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Renting of motel room to juveniles means clerk's arrest

All night parties, alcohol and a chance to have some fun without parents.

This is the message that some juveniles have touted on Facebook for get-togethers at area hotels and motels.

Niagara Falls police said they sent a message of their own last weekend, when they arrested a front desk clerk and accused him of renting a room to two underage girls.

Brandon Montanari, 21, of Tuscarora Road in the Town of Niagara, was charged Friday with two counts of endangering the welfare of a child. Police said he allowed the 12-year-old, who was with a 14-year-old friend, to sign for the room April 14 at America's Best Value Inn on Niagara Falls Boulevard.

"What is the purpose of a 12-year-old renting a room?" Police Superintendent John R. Chella said Wednesday. "We are trying to send a message to the hotel and motel industry that kids are renting a room because they can't have a party at a parent's house. Nothing good can come out of [kids] renting a hotel room to have a party."

In this case, Police Capt. Nicholas Paonessa said, "The age is extreme, way beyond anything we could tolerate. Hopefully this sends a message, and we won't have to look at other hotels.

"We are definitely keeping an eye on this type of behavior."

The transaction Montanari made is against motel policy, and he had been fired before police arrested him, Paonessa said.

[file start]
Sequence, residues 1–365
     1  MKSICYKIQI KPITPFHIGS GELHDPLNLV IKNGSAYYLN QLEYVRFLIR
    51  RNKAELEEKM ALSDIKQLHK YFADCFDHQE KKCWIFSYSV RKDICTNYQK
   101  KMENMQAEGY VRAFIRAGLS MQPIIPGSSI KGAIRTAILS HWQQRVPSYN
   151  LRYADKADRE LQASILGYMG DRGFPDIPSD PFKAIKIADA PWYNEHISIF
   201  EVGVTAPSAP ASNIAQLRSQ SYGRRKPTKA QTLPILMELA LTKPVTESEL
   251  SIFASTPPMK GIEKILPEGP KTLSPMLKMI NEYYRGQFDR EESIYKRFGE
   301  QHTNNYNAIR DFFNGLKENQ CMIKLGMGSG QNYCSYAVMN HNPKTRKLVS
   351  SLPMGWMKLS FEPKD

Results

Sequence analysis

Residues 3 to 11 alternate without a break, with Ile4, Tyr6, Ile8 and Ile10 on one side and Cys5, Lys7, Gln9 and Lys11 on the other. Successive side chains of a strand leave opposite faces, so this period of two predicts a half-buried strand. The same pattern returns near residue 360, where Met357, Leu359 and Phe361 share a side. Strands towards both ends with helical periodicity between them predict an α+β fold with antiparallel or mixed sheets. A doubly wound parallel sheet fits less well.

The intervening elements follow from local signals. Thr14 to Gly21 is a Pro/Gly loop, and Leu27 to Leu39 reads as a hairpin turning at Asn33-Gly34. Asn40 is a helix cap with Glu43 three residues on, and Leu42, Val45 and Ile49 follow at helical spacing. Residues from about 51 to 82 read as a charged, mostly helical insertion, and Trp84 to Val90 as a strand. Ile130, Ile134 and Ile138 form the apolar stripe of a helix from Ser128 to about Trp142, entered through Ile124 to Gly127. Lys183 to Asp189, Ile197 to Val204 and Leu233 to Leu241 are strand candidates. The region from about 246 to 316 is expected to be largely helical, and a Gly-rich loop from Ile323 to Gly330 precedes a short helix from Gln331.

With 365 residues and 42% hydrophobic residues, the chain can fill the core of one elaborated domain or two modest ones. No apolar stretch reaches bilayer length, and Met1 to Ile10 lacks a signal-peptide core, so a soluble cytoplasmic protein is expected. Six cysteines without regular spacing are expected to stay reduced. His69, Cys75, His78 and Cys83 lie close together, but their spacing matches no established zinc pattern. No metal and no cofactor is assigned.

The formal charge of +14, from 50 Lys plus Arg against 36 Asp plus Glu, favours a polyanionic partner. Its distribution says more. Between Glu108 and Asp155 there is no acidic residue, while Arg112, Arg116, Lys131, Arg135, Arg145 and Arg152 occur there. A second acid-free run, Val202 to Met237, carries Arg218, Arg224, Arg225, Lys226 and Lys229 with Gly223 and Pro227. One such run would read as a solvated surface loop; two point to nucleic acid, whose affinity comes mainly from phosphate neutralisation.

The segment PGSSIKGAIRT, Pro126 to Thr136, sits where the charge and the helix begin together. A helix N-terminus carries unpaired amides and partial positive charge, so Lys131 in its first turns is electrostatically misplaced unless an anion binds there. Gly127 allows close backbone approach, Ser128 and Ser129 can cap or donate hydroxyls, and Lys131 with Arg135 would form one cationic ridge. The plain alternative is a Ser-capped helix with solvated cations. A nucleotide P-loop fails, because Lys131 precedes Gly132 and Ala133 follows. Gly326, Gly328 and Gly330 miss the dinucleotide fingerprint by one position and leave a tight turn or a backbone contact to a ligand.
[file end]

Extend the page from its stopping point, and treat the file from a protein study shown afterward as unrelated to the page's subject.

The investigation began when parents reported a missing 14-year-old April 14. She turned up at 2 a.m. at Girard and 66th streets, but parents later discovered, through Facebook, that she had left to go to an "End of Spring Break" party at a hotel, said Juvenile Division Detective Robert DeMarco, the lead investigator in the case.

"There is no law against renting to a 12-year-old, but [Montanari] knew they were underage and were there for the purpose to celebrate," DeMarco said.

Paonessa and DeMarco also noted that children are not legally able to enter into a contract and cannot be held responsible.

If a child was seeking shelter on a stormy or cold night, it might be different, but this was clearly not the case in this instance, police said.

"It's not likely selling alcohol," Paonessa said, "but it is still endangering when it is hazardous to the physical or moral well-being of a minor."

He said these types of underage drinking parties are being held throughout the country and can lead to alcohol poisoning and other types of problems.

"It's important to anybody [who may rent a room to a child] that if kids are going to stay out all night without contacting a parent or verifying with their parents, they are putting that kid in danger," Paonessa said.

Paonessa praised DeMarco for tracking down the clerk in question and the ledger the young girl had signed.

"With things that are happening all around the country," Paonessa said, "this is something we just can't tolerate."